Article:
The Enterprising Theme is centered on different business practices and is composed of the Basic Interest Scales for Marketing & Advertising (for individuals who are interested in the research side of marketing and/or the creative development of advertising and marketing materials for specific products or services), Sales (for those who enjoy convincing others to enjoy their product or service, and who firmly believe that what they are selling will positively profit their customer), Management (for individuals who enjoy fulfilling a leadership role, which has them organizing and watching over others), Entrepreneurship (for people who are interested in developing new business ideas and starting companies from the ground up), Politics & Public Speaking (for those who enjoy being in the spotlight, using their knowledge to persuade or influence others, while also enjoying the act of verbally talking as a primary form of communication) and Law (for individuals who enjoy rhetoric, debate, arguing, the legal system and public policy).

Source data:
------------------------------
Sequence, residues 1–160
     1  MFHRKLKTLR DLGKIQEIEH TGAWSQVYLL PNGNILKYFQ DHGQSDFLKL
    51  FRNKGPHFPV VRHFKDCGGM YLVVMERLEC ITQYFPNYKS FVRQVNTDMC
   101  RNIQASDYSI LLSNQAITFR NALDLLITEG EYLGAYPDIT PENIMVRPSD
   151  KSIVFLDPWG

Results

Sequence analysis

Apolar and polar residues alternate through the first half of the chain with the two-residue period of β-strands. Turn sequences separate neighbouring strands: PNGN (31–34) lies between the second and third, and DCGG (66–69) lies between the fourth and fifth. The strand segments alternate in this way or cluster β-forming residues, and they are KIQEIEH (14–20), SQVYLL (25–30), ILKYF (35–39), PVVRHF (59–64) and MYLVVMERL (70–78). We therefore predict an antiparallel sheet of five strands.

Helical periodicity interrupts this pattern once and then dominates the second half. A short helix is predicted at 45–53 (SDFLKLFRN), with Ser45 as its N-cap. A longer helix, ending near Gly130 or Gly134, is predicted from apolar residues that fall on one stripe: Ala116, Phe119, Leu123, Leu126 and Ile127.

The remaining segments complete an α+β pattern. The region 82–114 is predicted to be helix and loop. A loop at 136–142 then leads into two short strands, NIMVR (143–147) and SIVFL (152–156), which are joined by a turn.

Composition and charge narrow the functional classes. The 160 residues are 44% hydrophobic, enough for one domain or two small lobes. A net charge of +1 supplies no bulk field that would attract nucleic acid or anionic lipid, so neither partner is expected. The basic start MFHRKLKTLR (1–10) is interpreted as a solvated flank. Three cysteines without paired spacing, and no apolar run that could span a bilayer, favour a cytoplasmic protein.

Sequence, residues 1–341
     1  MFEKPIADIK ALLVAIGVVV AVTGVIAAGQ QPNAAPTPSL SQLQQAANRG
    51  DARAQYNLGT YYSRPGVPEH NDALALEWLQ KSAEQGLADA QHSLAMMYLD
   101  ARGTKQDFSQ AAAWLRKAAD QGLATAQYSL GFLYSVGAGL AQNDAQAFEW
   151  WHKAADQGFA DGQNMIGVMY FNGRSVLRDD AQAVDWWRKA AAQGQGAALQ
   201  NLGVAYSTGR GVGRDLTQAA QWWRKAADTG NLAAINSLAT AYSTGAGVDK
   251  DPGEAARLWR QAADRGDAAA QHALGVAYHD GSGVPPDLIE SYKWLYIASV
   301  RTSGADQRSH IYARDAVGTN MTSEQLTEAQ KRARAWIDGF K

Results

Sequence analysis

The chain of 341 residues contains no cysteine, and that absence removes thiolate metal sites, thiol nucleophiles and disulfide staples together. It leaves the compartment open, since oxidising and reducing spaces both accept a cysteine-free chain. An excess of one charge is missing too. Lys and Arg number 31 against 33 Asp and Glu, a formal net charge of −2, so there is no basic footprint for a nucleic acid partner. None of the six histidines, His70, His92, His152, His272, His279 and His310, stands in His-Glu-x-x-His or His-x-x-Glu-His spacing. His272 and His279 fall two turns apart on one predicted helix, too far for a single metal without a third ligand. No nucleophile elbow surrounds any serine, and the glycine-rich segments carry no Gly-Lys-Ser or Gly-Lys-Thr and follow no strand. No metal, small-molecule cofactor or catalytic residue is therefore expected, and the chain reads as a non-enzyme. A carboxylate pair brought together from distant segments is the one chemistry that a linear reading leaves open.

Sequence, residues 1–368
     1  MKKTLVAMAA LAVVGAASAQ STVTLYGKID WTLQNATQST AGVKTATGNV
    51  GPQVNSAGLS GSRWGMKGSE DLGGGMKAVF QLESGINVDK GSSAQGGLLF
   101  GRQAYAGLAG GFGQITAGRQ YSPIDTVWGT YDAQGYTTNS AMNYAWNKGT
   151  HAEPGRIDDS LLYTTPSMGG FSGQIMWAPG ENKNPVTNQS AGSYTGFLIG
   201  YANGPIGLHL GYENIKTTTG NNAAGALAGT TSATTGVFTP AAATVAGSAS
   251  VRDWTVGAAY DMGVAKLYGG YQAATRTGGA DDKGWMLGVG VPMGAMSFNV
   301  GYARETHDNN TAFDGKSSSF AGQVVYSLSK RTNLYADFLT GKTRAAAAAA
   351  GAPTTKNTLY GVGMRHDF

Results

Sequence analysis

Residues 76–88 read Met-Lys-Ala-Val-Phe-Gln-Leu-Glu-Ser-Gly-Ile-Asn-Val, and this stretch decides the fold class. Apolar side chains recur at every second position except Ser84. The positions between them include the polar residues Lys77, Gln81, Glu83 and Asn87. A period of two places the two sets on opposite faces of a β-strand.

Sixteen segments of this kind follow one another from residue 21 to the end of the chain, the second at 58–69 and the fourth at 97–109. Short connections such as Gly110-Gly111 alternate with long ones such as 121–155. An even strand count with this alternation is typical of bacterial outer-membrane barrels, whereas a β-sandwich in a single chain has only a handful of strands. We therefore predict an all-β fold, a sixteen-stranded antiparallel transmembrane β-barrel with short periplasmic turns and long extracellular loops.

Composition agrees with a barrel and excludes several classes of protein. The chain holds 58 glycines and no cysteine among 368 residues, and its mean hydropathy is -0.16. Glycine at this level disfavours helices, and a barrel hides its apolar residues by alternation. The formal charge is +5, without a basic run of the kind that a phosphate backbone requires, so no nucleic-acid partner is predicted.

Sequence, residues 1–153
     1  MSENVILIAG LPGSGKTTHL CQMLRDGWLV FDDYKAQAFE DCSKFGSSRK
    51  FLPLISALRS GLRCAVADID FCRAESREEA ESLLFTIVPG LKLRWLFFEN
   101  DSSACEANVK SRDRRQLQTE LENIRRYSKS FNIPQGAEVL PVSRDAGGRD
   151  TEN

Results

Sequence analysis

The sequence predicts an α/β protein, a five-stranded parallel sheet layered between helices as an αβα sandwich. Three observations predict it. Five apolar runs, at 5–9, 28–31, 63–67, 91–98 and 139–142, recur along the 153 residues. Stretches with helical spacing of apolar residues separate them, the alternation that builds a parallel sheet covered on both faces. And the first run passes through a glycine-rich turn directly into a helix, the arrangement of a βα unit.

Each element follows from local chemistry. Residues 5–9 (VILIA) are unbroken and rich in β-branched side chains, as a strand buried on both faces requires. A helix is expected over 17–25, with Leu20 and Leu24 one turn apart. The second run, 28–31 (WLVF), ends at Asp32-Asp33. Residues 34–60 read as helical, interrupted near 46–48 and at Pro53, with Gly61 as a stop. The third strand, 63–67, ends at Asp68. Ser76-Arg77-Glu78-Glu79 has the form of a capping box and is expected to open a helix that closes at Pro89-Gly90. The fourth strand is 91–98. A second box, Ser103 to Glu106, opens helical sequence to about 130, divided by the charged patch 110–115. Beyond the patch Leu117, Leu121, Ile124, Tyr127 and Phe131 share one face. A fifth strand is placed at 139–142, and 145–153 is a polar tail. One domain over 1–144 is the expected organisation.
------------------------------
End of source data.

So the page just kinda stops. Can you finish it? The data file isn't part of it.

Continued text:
The last theme, the Conventional Theme, involves the scales for Office Management (for individuals who enjoy being organized, coordinating activities, keeping lists and ledgers and supervising others in the workplace), Taxes & Accounting (for those who are interested in the analysis of financial documents and trends, budgeting and working with organized spreadsheets and books), Programming & Information Systems (for individuals who find pleasure in software development and creation, as well as the back-ends of most computer systems and management programs) and Finance & Investing (for those interested in the organizational and managerial side of money, investments and financial analysis).